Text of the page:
(Original post by Duncan8)
1. As regard to scholarships, I think they are rarely granted to incoming Bachelor students. Most of them (if not all of them) are offered to Masters students, I have a friend who got one.
2. The University provides accommodation for students through maastrichthousing.com. You can also check out http://www.unimaas.nl/guesthouseum/
. For other accommodation plans, just ask me if you have more questions, they are lots of landlords that offer accommodation ranging from 250-350€/month. The landlords usually advertise their rooms through Facebook groups or agencies in Maastricht. If you cannot go to Maastricht for flat hunting, I would advise you to stay a couple of months in the University-managed accommodation, and then take over a flat. However, I would like to warn you: I've heard some not-so-glamorous stories about the GuestHouse UM, it's quite the party place to go, the kitchen becomes quickly as dirty as a football pitch after a heavy rain in a matter of days, so.. Better pass your way! The best if I were you would be to go to a Facebook group and contact people, and stay in a short-term accommodation by that time.
3. I have never been to the UK for studying so I cannot really tell you. However, the teaching in Maastricht is rather practical-oriented if I could sum it up in one word.
As regard to the number of teaching hours, you have class roughly 4 to 6 hours a week (yes, you read it right), where you have to solve cases. It's interesting as it looks like you are handling real-life situations! You have several presentations, papers to hand in etc. The year is divided in 5 or 6 blocks of 7 weeks. You usually have 2 courses per blocks worth a certain amount of credits (usually 6 or 12, or 16 at maximum), after the 7 weeks, you have one week of exams. It is really nice as it helps you to focus on certain topics, then you have exam and you take new courses! So you don't have to drag a course you don't really like for like one semester!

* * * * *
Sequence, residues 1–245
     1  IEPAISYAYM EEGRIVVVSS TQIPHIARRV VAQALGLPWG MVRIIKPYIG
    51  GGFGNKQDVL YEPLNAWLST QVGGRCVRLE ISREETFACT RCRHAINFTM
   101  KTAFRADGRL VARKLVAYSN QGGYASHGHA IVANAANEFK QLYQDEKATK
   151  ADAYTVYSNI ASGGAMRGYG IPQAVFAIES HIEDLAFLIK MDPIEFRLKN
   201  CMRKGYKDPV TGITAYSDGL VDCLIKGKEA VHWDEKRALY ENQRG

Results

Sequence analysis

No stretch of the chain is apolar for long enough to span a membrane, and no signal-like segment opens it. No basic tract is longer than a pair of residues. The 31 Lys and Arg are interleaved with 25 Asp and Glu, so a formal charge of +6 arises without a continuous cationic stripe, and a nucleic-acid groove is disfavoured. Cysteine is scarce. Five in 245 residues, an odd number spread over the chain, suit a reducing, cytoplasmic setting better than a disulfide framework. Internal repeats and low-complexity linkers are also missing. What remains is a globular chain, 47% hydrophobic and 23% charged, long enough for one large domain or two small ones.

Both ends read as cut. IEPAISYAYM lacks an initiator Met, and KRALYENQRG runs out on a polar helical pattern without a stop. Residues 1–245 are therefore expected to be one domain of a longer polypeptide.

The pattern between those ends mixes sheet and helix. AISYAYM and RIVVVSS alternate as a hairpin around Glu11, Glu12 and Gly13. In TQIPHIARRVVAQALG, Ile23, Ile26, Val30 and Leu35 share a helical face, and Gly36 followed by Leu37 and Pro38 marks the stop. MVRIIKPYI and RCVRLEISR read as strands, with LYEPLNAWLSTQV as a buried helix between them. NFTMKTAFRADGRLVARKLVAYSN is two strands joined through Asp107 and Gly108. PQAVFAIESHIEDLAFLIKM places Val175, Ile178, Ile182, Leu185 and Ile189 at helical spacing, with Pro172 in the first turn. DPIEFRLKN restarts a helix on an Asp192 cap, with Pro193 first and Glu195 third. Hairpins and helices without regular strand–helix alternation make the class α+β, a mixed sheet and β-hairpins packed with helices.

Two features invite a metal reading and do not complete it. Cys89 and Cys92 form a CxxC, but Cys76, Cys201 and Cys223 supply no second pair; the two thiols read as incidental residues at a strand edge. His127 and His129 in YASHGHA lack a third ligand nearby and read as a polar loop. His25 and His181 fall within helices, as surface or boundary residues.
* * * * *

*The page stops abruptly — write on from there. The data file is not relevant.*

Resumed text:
However, the few amounts of hours you have in class suggests that you have a lot to do and prepare for the for the class. You have significant amount of reading material to read, essays might take long to write, and they are really (at least in Law), looking for precision, well-reasoned answers in your exams. The system might be a complicated for some people, but hard work always pays off. Even if the drop out rate is quite high (in some faculties such as Law), you can always manage to get into the second-year.
3. As regard to your concerns about doing some particular courses without have some extensive knowledge about it, I would say: Don't worry! The coursebooks are really well-explained, the tutors are very approachable, and you will have quite a lot of time for studying so don't worry too much. Once again, I cannot really talk about economics but for Law I did not know anything, my English was quite poor and I could barely speak in front of the class without chewing most of my words! After almost two years, I am now ready to take my first moot court competition, in a foreign language, and with a sound basis of law. If you are motivated and passionate about your studies, there will be no barrier at all for you to make it.